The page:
Debenhams' creditors have endorsed a turnaround plan that will see the closure of 50 stores and rent reductions for others.
Landlords, local authorities and others voted to back the proposals made by the retailer's board.
Debenhams Group Holdings said the plan had been approved by "a
majority significantly above the required threshold of 75% on each
Terry Duddy, executive chairman of Debenhams, said: “I am grateful to our suppliers, our pension stakeholders
and our landlords who have overwhelmingly backed our store restructuring plans.
We will continue to work to preserve as many stores and jobs as possible
through this process. This is a further important step to give us the platform
to deliver a turnaround.”
Creditors, including landlords vote later on a rescue deal for Debenhams.
Under the Company Voluntary Arrangement (CVA) more than 20 stores will close and landlords will see rents cut.
Adam Coffer is a retail and leisure landlord, but not involved in the Debenhams deal.
"There's been this proliferation of CVA's which have now almost become the go-to method for retailers, that are being advised by consultants that are generating huge fees, as a quick-fix opportunity to really just prolong the agony.
"It dumps all of the burden on the landlords without any consultation," he said.
"Around 90% of CVAs result in full administration anyway," Mr Coffer added.
'Huge relief' for Sunderland as Debenhams in the city escapes closure
A Sunderland councillor has expressed his relief as Debenhams store in the city was spared closure.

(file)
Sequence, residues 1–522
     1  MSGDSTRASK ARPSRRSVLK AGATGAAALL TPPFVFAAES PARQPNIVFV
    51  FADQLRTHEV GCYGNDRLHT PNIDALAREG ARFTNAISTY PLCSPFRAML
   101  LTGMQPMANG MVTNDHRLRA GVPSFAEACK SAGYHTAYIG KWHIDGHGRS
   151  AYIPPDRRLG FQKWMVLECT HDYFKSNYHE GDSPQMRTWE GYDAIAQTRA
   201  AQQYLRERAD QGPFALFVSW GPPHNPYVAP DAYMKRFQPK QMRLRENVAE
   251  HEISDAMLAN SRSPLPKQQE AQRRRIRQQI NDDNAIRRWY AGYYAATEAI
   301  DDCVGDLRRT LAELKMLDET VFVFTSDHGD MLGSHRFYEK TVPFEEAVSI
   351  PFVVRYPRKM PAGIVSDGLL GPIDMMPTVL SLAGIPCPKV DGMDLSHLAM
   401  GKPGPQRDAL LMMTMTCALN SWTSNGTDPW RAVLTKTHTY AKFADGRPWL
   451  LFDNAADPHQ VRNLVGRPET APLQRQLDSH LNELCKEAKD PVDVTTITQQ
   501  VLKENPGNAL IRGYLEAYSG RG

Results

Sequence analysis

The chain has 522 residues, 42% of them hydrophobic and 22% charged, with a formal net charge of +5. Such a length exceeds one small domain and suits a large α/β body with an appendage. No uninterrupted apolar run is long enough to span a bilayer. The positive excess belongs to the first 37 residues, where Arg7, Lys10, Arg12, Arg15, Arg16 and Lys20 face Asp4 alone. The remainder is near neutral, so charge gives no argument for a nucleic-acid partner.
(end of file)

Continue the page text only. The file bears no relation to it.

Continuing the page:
The retailer announced a list of shops closing down in 2020 in an attempt to save the chain.
Debenhams in Stockton in Teeside is one of the 22 stores set to go next year. Around 1,200 members of staff will be affected.
Hodson, Lib Dem councillor for Millfield, said the news of Sunderland not being on the list was a "huge relief".
He said: “Debenhams is the only large department store left in Sunderland and is at the heart of our city centre shopping offer.
“If Debenhams had closed it would have been devastating - leaving a huge retail unit empty in the heart of the city centre."
Mr Hodson also pleaded with the council to step in with an action plan.
He said: “For too long, shops have stood empty, the cleanliness and state of the town has got worse and worse - and parking charges have meant people are opting for Newcastle, the Metro Centre, Dalton Park and the Galleries instead.
“Sunderland desperately needs an action plan to improve shops, services and the night time economy in our city centre”.